Much like Miner, Charlie Brooker, who directs Black Mirror, criticizes society by putting all society’s bad characteristics in steroids in his stories. And impressively, or not, both studies overlap multiple times. Miner’s study is so contemporary that it could be a part of one of Black Mirror’s episodes. The main trait criticized by both authors is the increase in our lack of empathy. While Miner talks about how in the Nacirema society, mirrors are seen as an important piece in every household, and represent the ultimate importance given to the image, Brooker shows in a diverse number of occasions throughout the series how image, and not real feelings, is important for this high-developed society. In a revisited version of the Nacirema, their thirst for war, even though most of the times with no reason whatsoever is also highlighted :“There seems to be no practical goal for the organized battles of the Nacirema. The crowds of screaming attendees of the strops battles clearly demonstrate the strong undercurrent of sadism in the cultural makeup of this people.” However, I think Miner may have forgotten to take into consideration the American love for delivering Freedom to other countries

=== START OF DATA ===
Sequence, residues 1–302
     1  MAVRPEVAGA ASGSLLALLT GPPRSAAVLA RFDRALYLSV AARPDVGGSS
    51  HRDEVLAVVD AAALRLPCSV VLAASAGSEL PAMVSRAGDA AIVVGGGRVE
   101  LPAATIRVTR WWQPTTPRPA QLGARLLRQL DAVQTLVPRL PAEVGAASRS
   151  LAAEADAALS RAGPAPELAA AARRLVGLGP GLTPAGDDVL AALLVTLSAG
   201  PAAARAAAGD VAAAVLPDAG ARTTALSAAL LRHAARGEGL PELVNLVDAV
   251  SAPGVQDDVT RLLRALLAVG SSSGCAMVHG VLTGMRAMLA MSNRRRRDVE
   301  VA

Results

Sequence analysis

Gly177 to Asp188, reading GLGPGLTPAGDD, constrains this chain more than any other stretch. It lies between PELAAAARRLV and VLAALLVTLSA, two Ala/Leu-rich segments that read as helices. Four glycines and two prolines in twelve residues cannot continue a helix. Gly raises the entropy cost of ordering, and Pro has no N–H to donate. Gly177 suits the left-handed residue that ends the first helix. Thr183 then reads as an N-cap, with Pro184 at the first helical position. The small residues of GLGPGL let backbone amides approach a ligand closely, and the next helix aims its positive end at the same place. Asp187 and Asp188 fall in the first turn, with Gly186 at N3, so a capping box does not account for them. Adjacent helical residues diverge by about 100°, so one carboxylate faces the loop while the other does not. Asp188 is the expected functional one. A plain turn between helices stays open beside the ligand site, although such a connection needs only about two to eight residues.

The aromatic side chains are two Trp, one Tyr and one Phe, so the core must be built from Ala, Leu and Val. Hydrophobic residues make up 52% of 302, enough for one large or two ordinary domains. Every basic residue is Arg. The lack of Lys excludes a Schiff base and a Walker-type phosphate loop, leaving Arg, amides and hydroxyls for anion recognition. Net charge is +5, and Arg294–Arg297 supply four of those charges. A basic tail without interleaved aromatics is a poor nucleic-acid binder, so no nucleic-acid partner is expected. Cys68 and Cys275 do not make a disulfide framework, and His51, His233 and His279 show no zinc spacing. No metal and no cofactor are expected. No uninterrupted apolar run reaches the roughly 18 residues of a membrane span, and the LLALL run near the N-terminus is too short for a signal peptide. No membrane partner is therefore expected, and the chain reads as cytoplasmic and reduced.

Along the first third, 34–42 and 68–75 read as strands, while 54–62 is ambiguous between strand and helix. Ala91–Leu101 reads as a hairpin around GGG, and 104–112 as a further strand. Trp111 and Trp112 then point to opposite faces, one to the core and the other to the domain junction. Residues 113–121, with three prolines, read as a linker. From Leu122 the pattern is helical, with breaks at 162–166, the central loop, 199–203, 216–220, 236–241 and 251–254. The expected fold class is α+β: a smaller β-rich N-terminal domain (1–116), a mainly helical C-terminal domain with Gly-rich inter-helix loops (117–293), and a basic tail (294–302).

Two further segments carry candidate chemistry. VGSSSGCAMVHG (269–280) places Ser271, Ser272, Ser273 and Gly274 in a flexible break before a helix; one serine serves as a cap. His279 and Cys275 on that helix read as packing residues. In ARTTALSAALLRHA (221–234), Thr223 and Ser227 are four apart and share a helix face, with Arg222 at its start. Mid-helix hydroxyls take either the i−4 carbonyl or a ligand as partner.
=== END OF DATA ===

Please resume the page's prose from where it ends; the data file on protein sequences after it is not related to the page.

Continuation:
Again, the same trait is characterized in Black Mirror, with online hate being the motive for actual killings in one of the episodes, even though the motives for the hate brinks the nonsense, scarily representing what we see in social media nowadays.
So how could a study from 1956 have so many similarities with a novel from the 21st century?
The explanation lies in what each of the authors main goal is: Miner wanted to show the worst of society, and Brooker shows what’s worst about social media. The conclusion is as easy as 1+1=2: social media accentuate what’s worst about social dynamics.
What could be one of the best psychological names I have ever seen in my life, the “Nasty Effect”, recounts about the consequences of hatred comments online. In their research, Ashley A. Anderson, Dominique Brossard, Dietram A. Scheufele, Michael A. Xenos, Peter Ladwig, gave a nanotechnology text for random people to read. Sometimes some hatred comments were shown below the article, and sometimes they were omitted. The researchers (sorry doctors but you are too many to quote) discovered that when the bad comments were displayed, the subjects of the study tended to be more polarized. Even if they didn’t understand what the text was about, or had doubts about their understanding, the hostile comments made them choose a side. And this is what worries me the most.